Make A Wish

5 value-for-buck watches we won’t mind seeing under the Christmas tree — or better yet, on our wrist.

THIS, let’s be clear, is no definitive list. It is not even based on anything approximating scientific methodology. The five watches in this wish list were picked from a purely personal viewpoint, with one eye kept on what could be considered as an attainable price tag. Surely, there are several more you deem more deserving of inclusion. And so we encourage you to send in your own list.   

Tudor Black Bay GMT
NO question, Tudor fitting a GMT function and a burgundy-and-blue bezel on its highly successful Black Bay line has been one inspired move — the vintage-y aesthetics of the Black Bay lend themselves well to the GMT furniture, it looks as if the watch has been designed from Day One to get it. Besides the aluminum rotating bezel, 41-millimeter steel case, and a choice of a metal bracelet or a distressed leather or fabric strap, other things going for this piece are its signature Snowflake hands (the second time zone indicator is in red), a genuine 200-meter water resistance rating and a domed sapphire crystal on top.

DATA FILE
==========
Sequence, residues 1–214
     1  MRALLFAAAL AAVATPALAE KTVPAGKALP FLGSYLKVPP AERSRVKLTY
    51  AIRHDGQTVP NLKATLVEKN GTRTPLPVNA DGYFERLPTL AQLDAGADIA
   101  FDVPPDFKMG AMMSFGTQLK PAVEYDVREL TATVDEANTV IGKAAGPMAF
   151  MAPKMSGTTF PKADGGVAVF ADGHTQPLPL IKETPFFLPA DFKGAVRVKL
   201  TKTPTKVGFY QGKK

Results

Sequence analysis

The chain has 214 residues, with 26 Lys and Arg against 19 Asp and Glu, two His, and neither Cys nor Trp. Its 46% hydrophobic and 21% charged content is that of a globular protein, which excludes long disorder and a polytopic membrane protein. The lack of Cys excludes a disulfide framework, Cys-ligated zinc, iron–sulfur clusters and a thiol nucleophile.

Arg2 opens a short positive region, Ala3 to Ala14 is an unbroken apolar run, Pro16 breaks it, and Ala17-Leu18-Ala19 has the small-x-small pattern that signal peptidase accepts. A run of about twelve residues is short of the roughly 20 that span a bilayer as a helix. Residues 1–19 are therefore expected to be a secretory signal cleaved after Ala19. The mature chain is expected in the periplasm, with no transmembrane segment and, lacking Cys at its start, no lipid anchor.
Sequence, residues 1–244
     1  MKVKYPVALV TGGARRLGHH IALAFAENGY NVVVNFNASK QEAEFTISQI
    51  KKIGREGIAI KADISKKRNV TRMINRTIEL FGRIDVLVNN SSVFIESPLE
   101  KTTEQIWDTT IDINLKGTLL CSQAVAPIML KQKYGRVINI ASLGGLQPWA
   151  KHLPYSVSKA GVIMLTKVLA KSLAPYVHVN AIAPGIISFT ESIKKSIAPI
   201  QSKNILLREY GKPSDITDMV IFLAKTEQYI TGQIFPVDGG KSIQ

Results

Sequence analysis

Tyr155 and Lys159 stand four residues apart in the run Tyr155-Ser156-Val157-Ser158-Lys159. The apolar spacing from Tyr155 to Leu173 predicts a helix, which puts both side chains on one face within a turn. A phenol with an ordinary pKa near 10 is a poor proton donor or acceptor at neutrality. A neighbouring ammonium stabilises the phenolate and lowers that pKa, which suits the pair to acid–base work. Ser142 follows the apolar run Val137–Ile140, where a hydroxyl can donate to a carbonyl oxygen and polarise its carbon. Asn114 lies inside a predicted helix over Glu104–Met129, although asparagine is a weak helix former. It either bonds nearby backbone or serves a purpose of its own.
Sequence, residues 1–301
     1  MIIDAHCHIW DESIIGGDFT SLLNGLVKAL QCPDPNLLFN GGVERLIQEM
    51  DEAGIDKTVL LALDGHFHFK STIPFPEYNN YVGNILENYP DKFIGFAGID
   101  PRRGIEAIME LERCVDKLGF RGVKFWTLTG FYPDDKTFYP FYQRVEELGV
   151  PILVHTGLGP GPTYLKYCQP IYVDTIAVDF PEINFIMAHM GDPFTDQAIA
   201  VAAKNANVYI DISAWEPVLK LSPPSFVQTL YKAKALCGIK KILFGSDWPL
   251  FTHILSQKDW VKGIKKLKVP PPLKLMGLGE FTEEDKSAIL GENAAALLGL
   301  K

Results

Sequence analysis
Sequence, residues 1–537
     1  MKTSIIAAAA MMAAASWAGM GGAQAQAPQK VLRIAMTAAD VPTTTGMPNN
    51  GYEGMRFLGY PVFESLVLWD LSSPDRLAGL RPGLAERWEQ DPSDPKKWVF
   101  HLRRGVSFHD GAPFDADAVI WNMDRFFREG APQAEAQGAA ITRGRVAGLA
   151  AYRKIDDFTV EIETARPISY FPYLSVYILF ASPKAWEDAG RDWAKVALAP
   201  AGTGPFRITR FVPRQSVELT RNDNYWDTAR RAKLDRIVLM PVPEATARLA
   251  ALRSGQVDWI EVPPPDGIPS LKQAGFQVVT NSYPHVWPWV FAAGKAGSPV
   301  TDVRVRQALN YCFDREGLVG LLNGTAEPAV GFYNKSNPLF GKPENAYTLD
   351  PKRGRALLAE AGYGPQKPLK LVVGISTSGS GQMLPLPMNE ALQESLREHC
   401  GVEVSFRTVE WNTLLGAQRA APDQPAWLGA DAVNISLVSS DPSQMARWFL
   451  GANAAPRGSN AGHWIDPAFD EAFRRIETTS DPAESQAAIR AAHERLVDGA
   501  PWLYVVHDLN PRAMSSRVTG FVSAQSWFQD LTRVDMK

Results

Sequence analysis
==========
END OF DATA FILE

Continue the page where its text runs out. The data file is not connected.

Plus, the Tudor Black Bay GMT packs an in-house, self-winding movement — Tudor’s cal. MT5652 — which carries a COSC accuracy certification and boasts of a silicium escapement. This decorated calibre spins at 28,800vph and has a generous 70-hour power reserve. Talk about value for the buck.

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Seiko Prospex 1968 Diver’s Re-creation
NEWLY crowned as the top sports watch at the 2018 Grand Prix d’Horlogerie de Geneve is the Seiko Prospex 1968 Diver’s Re-creation, or the SLA025. The watch is a faithful recreation of Seiko’s and Japan’s first diver’s watch powered by a high-beat, or quick-spinning, movement (in this case 36,000vph). But while the 1968 original watch was meant for air diving, the new piece is specified for saturation diving. Features it retained from the original are its one-piece case construction and a flat caseback. Of course, the components in the recreation watch are all modern, including the self-winding cal. 8L55, which can store power good for 55 hours.